A long-standing debate rages still as to the origin of man as recent discoveries place the earliest human ancestors further and further back in time. Consensus science tells us that Ardipithecus appeared in Africa about 4½ to 5½ million years ago. Australopithecus appeared about 1 million years later. Homo Habilis (‘handy man’) appeared between 1½ and 2½ million years ago; he was the first to make tools for specific uses. He was followed by Homo Erectus (‘upright man’) about one million years later; he was the first to use fire. Homo Neanderthalensis emerged in Southern Europe around 400,000 years ago; he lived in caves, wore clothing, and buried his dead. Anatomically modern man, Homo Sapiens (‘wise man’) appeared in Africa about 200,000 years later. The agricultural revolution took place between 12,000 – 7,000 BPE, followed by civilization as we know it. Man crossed the Bering land bridge between eastern Asia and North America about 18,000 years ago to settle mostly in Central and South America.
But some experts beg to differ with the consensus. In their admittedly controversial book, Forbidden Archeology (and its condensed version, The Hidden History of the Human Race), authors Michael Cremo and Richard Thompson compiled considerable evidence illuminating the possibility that modern man or something like us may have walked the Earth much, much earlier than we assume. They present apparently man-made objects and even human remains that have been found in impossibly ancient geologic layers. These objects are called ‘ooparts’ (for ‘out of place artefacts’). Consider the following cases, only a handful of many mysterious and controversial discoveries that have come to light in recent years.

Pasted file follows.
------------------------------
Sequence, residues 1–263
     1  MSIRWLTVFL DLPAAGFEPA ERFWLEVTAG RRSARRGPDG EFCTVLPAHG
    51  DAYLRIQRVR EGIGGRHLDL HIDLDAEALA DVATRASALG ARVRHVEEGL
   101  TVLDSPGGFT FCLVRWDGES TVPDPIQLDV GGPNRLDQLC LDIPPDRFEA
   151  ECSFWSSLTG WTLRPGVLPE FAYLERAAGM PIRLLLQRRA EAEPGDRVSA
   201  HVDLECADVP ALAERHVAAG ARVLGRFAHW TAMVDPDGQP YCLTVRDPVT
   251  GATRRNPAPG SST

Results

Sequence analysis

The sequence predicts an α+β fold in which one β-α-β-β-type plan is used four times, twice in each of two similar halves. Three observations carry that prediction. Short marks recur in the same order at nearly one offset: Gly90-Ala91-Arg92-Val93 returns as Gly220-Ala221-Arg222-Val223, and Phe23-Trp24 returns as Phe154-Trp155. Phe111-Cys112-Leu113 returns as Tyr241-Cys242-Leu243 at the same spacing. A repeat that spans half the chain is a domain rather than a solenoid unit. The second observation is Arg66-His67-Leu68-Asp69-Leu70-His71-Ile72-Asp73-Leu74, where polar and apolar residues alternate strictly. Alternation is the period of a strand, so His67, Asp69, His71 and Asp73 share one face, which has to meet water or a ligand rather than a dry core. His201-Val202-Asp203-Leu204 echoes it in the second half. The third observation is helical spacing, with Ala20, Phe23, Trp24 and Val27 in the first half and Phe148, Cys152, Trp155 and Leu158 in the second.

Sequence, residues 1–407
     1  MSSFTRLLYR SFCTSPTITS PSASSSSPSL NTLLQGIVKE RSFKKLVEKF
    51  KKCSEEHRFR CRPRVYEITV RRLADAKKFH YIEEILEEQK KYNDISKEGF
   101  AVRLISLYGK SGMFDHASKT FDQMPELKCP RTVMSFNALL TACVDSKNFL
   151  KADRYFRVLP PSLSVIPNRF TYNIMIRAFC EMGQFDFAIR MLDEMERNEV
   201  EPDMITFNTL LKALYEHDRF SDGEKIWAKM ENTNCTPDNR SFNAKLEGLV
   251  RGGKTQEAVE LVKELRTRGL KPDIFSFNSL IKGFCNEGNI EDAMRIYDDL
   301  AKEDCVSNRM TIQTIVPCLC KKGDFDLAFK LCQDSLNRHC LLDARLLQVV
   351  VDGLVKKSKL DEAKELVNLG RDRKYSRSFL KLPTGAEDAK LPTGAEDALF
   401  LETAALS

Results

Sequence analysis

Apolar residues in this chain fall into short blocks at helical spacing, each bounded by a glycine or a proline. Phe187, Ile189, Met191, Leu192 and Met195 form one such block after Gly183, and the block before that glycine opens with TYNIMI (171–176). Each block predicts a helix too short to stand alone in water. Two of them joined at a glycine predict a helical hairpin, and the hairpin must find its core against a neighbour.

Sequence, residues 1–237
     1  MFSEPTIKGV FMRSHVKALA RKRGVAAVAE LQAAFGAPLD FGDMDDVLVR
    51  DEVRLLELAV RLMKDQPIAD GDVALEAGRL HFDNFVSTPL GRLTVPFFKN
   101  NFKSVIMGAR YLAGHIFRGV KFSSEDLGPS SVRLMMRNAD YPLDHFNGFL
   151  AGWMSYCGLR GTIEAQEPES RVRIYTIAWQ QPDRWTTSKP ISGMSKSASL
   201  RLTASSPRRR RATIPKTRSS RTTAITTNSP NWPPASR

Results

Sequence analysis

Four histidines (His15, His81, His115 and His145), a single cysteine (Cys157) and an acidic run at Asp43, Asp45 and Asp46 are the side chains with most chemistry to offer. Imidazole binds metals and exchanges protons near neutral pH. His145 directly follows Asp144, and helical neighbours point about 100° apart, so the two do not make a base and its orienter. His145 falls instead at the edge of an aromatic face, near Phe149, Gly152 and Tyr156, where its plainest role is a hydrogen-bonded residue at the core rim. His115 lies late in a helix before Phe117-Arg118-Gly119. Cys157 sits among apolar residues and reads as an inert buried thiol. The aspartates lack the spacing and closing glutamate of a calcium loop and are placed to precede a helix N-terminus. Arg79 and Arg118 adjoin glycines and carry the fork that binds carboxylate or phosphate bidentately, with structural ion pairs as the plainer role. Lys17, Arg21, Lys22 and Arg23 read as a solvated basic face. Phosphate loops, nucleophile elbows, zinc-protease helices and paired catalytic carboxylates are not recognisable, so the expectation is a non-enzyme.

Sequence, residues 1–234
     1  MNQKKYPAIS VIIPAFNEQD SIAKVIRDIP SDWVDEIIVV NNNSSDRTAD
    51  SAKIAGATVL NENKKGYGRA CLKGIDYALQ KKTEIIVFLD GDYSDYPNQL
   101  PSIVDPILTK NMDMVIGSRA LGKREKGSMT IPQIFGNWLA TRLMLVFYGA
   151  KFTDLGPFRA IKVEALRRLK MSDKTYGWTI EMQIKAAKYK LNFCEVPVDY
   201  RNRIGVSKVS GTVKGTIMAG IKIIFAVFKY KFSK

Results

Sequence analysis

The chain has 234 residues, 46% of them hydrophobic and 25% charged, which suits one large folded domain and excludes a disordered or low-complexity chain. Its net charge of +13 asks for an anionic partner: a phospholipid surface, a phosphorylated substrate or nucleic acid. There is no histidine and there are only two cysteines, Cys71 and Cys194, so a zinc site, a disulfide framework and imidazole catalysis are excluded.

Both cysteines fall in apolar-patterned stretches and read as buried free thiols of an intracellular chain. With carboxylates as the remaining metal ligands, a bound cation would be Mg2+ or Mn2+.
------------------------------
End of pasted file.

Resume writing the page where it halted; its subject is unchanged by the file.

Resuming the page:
Between 1951 and 1955 Thomas E. Lee, an anthropologist for the National Museum of Canada, discovered dozens of advanced stone tools, mostly projectile points, near the village of Sheguiandah, on Manitoulin Island in Lake Huron. According to the strata of glacial till in which the tools were found, they were anywhere from 65,000 – 125,000 years old. Over the next several years, other geologists confirmed the dating of the strata, but the unconventional date for humans in Canada was not accepted by most mainstream scientists. The artefacts were stored away at the National Museum of Canada, and the site was covered up and turned into a tourist area.